“Our bodies are designed to do so much more than look cute in jeans,” Marsac reminds us. “During a deadly pandemic, our bodies kept us alive and well. These same bodies will now accompany us to dinner with family, dance in nightclubs and party with friends. Clients learn to hold feelings simultaneously, that we can be dissatisfied with our appearance while also grateful for our body’s capabilities. Showing your body compassion reduces the energy driven in shame.”
It’s important to realize the limitations of this, though. If you suspect that what you’re experiencing might be disordered eating, bring it up with your doctor or a therapist. They’ll be able to give you qualified, personalized advice and help you get back to being healthy.
“The most common stressors I am seeing in clients in 2021 is how to navigate returning to a social life post-pandemic,” says therapist Hannah Tishman, LCSW. “Clients are often reporting difficulty saying no to opportunities after not having had access to socializing for so long due to the pandemic. However, clients are becoming overwhelmed by this drastic change from not socializing to too much socializing, leading to an imbalance and exhaustion.”
To combat this, Tishman recommends asking yourself what your needs are and accepting or rejecting opportunities based on those needs. By doing this, you no longer have to feel the pressure of saying “yes” to everything.
If you’re finding yourself overcommitting to social events or overworking at your job, listen to these words of wisdom from burnout and stress management coach Ellyn Schinke.
“I encourage my clients to think about their life, their time and their bandwidth like a plate and to ask themselves if they're putting more on their plate than they can support,” she says. “Some of us have really strong foundations made out of concrete, and others of us have foundations made out of cardboard. What often happens is we pile on obligations, and either our flimsy foundations can't take the weight, or there just isn't enough room to accommodate everything. So, you have to make adjustments. You have to take things off your plate when you're clearly folding or breaking under the weight of your responsibilities—and you have to have some self-compassion in doing so.”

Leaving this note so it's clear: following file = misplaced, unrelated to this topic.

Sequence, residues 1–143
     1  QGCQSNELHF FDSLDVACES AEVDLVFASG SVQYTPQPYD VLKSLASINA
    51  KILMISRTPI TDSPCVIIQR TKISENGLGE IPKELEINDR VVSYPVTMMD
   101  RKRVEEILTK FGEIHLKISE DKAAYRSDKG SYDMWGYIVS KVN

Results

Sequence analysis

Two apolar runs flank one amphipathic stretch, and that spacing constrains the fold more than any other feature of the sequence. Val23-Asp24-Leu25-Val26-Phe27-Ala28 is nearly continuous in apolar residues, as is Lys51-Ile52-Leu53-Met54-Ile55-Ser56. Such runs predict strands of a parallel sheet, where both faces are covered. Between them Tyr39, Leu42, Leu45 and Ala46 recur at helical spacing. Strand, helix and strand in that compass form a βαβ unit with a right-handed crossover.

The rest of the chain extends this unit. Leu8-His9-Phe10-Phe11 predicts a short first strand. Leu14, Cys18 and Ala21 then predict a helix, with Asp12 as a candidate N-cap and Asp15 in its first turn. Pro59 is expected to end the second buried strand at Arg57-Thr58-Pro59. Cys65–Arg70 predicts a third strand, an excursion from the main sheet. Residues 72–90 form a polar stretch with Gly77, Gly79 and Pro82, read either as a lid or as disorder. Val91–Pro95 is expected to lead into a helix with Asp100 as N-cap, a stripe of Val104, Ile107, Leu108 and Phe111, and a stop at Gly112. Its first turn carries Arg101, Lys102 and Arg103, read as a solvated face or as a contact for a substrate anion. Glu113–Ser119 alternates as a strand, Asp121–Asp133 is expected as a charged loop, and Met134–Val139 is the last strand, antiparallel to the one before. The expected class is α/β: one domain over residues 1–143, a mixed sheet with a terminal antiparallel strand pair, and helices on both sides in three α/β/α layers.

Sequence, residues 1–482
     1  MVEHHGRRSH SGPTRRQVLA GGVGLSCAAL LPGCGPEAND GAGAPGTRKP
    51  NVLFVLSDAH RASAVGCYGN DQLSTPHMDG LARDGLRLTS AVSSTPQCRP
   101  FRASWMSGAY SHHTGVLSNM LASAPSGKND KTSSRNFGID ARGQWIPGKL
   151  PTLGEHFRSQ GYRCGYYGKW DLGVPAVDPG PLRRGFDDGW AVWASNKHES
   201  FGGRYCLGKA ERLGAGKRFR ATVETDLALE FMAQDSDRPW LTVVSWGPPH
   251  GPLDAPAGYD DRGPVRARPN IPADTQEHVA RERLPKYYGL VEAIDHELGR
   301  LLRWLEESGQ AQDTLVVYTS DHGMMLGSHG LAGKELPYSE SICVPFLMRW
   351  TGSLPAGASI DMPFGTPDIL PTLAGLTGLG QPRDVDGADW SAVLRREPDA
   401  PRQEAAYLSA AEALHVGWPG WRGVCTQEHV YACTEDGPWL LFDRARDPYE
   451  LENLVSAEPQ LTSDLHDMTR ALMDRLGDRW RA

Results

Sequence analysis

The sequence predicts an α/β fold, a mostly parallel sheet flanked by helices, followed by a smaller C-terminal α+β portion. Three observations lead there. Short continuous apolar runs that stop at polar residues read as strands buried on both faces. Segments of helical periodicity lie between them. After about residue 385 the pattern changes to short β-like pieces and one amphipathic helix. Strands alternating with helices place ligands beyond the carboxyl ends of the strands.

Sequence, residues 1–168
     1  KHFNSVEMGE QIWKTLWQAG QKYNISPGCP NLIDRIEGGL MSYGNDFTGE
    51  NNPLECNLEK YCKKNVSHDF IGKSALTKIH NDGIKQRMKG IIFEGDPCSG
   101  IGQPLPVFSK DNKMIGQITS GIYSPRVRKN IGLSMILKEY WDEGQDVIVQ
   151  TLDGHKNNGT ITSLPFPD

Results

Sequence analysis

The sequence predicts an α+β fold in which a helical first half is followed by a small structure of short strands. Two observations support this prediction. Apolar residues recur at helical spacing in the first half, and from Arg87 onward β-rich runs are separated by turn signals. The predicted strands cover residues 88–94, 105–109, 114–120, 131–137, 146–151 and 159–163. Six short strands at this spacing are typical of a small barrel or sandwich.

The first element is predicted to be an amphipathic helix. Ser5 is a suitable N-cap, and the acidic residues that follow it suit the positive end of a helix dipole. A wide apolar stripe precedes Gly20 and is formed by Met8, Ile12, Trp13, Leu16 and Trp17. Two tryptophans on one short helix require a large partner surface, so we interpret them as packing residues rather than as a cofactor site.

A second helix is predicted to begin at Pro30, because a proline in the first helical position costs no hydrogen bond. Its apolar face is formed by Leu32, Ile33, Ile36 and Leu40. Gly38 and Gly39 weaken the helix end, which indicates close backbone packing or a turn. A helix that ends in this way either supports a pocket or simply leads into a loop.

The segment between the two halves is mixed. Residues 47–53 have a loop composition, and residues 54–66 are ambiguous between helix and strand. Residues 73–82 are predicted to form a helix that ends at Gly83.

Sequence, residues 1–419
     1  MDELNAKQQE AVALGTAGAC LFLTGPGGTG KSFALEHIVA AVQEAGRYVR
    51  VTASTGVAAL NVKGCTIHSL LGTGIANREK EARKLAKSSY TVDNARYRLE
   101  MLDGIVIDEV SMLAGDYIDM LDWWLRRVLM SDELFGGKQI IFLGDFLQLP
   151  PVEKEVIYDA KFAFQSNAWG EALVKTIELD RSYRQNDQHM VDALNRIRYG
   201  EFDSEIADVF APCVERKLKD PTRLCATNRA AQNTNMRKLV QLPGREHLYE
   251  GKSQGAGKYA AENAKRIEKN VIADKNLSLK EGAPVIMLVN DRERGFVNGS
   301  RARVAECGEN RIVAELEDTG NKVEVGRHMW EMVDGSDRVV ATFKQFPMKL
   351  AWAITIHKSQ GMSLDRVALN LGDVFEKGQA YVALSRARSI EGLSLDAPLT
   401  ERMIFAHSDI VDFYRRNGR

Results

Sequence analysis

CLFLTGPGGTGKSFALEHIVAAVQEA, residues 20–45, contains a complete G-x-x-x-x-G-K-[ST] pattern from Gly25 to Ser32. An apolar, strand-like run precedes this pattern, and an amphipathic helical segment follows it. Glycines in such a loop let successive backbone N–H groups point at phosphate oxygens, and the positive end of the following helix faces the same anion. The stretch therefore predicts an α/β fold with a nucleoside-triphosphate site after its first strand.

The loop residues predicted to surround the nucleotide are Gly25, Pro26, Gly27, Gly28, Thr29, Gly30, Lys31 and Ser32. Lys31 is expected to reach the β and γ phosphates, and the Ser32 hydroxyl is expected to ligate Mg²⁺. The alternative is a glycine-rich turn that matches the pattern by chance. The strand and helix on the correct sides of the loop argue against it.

So if you see someone else taking on more than you are, that’s okay. Maybe they just have more room on their plate.
Another way Schinke helps her clients avoid burnout is by having them do a weekly review. This can be a Sunday night or Monday morning check-in on what’s working and what’s not.
“That really helps them make adjustments as needed,” she says. “If you know that you have a work week coming up that is going to ask a lot of you, take on less socially and personally. If you're dealing with a really heavy personal time, adjust accordingly at work. Using the real-time data and information you can get from reviewing yourself can allow you to make the adjustments you need to navigate through stress.”
Whether it’s rising Covid case counts or another grueling political event, news stories can activate your fight-or-flight response. Though some people have gone to the extreme of cutting out news altogether, that’s not always necessary.
Instead, place limitations on your news consumption. For example, it can be helpful to know where your country generally stands in the fight against Covid—but does checking the new case counts every single morning really help you? Additionally, reading the local newspaper instead of watching a 24-hour international news channel may be more helpful to you. Why?
So if you feel your blood pressure rising as you turn on the evening news, give yourself permission to skip it for the night.